Carey Roberts
Domestic violence industry: criminal
By Carey Roberts
December 7, 2008

The domestic violence industry has a habit of attracting unsavory characters into its ranks. And now three former operatives are doing hard time.

Take Barbara Dehl of Nampa, Idaho. Ten years ago Dehl single-handedly lobbied for passage of Cassie's Law, a bill aimed at stopping dating violence. That achievement landed her on the Montel Williams Show, and Sen. Mike Crapo hailed Dehl as the "Spirit of Idaho." Her crowning moment came in 2002 when she was invited to serve on the National Advisory Committee on Violence Against Women.

But then Dehl got caught up in drug trafficking charges and a murder case. Two years ago Dehl was sentenced to 15 years in the slammer for the kidnapping and macabre torturing of a 20-year-old man and his girlfriend.

About the same time Cindy Lou Shores, director of the South Central Region Tribal Nations and Friends Domestic Violence Coalition in Oklahoma, was pilfering $106,000 from the coalition's cookie jar. This past March, Shores was sentenced to 17 months in federal prison.

And two months ago the former head of Domestic Violence Emergency Services, John Scott, was sentenced to a year behind bars for stealing money from the Roanoke, Va. abuse shelter. After Scott leaves jail, he will serve another year of probation and pay $48,000 in restitution.

But the problem isn't limited to shelter officials who enrich themselves at the expense of taxpayers. Shelter managers condone and even encourage a broad range of illegal activities within their own facilities.

Mistreatment of children appears to be widespread. Last October the life of toddler Myliak Dale was snuffed out when a woman backed out her car at the SafeSpace shelter in Stuart, Fla.: . Incidents of child abuse often go unreported to local officials, in violation of state law.

There's the problem of harassment and sexual assaults. At Bethany House in Falls Church, Va., two house managers were forced to resign following sexual advances of shelter residents: .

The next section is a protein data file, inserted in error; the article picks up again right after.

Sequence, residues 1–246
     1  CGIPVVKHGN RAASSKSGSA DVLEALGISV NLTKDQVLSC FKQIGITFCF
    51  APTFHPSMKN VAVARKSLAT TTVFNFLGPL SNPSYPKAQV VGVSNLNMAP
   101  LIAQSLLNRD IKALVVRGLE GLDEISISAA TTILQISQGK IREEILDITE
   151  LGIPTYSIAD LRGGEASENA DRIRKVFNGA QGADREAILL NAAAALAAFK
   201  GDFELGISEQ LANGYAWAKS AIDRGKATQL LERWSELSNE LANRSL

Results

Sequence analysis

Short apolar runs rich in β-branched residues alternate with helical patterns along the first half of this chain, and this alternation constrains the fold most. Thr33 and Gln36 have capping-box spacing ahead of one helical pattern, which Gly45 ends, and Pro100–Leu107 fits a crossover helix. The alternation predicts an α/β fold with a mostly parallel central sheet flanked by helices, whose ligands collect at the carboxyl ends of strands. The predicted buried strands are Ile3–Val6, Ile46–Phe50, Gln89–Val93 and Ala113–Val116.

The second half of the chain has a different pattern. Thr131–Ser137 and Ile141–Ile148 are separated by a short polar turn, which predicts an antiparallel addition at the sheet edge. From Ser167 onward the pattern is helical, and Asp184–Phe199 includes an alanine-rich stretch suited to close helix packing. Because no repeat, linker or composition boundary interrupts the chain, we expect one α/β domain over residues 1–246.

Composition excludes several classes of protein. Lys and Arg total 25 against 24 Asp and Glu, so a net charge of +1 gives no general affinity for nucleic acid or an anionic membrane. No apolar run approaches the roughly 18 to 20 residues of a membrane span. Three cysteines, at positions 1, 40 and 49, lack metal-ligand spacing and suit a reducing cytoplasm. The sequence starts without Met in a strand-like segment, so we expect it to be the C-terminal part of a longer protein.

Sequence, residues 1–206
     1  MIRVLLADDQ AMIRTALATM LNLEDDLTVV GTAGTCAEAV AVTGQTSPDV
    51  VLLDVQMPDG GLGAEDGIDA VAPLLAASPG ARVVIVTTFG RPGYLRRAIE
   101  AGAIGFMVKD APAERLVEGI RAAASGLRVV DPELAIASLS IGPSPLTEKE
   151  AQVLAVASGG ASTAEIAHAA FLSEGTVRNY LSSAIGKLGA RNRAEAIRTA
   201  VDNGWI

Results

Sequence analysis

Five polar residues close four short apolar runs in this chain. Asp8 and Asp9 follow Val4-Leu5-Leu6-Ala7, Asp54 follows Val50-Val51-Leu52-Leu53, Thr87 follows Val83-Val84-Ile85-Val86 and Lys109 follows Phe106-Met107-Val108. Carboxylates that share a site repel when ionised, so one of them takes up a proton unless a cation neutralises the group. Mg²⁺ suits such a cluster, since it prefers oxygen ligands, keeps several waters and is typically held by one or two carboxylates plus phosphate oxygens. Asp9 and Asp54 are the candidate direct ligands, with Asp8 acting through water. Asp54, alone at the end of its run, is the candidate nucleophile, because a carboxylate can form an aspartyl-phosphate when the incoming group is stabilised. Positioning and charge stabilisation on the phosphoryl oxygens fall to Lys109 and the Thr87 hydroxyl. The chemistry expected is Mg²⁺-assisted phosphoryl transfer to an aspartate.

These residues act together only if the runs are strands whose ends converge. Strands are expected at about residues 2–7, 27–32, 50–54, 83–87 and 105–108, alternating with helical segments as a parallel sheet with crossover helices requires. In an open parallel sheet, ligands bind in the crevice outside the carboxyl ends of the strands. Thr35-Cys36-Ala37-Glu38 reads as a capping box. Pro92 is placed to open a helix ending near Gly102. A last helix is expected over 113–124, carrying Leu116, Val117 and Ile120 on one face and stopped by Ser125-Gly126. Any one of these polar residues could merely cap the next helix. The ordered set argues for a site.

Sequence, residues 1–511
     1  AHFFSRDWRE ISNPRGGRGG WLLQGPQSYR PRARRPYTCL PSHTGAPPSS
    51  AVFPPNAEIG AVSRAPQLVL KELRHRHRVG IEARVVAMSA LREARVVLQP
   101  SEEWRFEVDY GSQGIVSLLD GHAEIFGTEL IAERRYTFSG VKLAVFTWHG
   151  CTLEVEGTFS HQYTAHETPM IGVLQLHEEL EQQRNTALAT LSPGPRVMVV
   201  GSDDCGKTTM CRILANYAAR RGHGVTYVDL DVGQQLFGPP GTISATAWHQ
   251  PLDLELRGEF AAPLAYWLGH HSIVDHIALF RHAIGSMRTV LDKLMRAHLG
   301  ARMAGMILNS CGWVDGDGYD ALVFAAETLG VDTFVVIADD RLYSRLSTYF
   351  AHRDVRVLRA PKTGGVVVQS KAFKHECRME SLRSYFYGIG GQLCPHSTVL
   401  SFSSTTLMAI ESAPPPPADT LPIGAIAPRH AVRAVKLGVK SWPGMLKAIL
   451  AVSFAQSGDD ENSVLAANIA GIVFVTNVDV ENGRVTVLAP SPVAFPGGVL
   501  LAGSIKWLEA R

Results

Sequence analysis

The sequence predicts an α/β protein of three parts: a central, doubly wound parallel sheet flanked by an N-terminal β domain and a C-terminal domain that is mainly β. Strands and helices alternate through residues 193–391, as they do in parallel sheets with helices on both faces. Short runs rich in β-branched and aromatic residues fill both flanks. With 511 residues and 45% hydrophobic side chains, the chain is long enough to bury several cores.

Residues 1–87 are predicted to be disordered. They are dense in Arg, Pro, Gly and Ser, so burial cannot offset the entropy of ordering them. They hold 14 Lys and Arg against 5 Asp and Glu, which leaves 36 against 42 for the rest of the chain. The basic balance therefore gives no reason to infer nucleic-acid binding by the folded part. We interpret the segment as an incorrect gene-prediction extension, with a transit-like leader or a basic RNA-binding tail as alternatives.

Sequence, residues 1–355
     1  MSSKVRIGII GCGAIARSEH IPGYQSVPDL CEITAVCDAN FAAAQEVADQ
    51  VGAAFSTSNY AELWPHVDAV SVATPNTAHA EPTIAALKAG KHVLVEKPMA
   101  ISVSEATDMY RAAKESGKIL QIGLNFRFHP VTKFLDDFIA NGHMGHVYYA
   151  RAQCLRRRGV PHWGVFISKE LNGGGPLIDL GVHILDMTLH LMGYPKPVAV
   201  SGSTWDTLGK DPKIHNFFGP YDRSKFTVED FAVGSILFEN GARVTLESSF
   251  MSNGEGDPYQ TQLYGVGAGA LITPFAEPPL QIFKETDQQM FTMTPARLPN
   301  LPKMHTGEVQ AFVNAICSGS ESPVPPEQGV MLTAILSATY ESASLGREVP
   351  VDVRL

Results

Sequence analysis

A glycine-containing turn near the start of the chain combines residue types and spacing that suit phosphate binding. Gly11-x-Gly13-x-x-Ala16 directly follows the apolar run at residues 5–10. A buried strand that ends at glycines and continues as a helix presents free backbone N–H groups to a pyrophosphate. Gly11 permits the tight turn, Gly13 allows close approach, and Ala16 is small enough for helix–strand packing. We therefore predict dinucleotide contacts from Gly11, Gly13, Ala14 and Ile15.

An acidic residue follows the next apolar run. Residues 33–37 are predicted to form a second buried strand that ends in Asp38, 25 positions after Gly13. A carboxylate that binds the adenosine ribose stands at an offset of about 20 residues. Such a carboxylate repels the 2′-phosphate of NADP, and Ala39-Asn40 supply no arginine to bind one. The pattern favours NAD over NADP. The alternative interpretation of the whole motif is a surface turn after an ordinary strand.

Drug abuse is rampant at some shelters. A former employee at Another Way of Lake City, Fla. revealed, "I, on numerous occasions reported illegal drug use that I had witnessed take place on Shelter property and often my complaints were ignored...We always knew not to call the law unless you were prepared to be unemployed."

Some shelters forego background checks on job applicants. That policy helped Another Way land former shelter manager Wendy Pittman (four criminal charges of passing bad checks); Brenda Collins (one charge of aggravated assault and two counts of cocaine possession); and Gloria Taylor (nine misdemeanor convictions and three felonies): .

Many shelters have lawyers who coach women to embellish their stories or even dream up incidents that can never be refuted ("Don't worry, he'll never be able to prove he didn't threaten you with the knife"). Then they file a series of baseless allegations that are designed to make the man's life miserable.

That's what they did to James Hall of McIntosh Co., Oklahoma: Convincing a person to commit perjury is called subornation of perjury — and that's a crime.

Then there's the slick shelter shake-down routine: Arrest the man on phony abuse charges and then plunder his house while he's stuck in jail. That's what happened to Bob Hartzog of Glendale, Ariz: .

Some managers believe their shelter is protected by a form of sovereign immunity — after all, our society is steeped in patriarchal privilege so women need to have a safe place.

So when 26-year-old Veronica Bullock sexually assaulted a 12-year-old boy at the Brewster Center Domestic Violence Services, shelter workers not only barred the Tucson police from entering the facility, they even refused to disclose the rapist's name.

And when the police arrest a woman for assaulting her husband or boyfriend, the shelter girls scoot over to the police station and have the woman released to their custody. Once ensconced at the shelter, the assailant is free to come and go as she wishes.

For illegal immigrants, sovereign immunity means a neon-flashing "Bienvenidos" sign. Just spend a night at the local domestic violence shelter — all you need to do is scream, "Abuse!" That will entitle you to a free pass with the immigration people — amazing but true: .

Discrimination on the basis of sex is also illegal, but who cares about abused men?: . Racial bias has been documented as well: .

Rounding out the picture are uncounted incidents of embezzlement, record falsification, financial irregularities, and garden-variety malfeasance:

One asks, Where are all the state attorney generals and federal inspectors who are supposed to be enforcing our laws?

© Carey Roberts


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Carey Roberts

Carey Roberts is an analyst and commentator on political correctness. His best-known work was an exposé on Marxism and radical feminism... (more)

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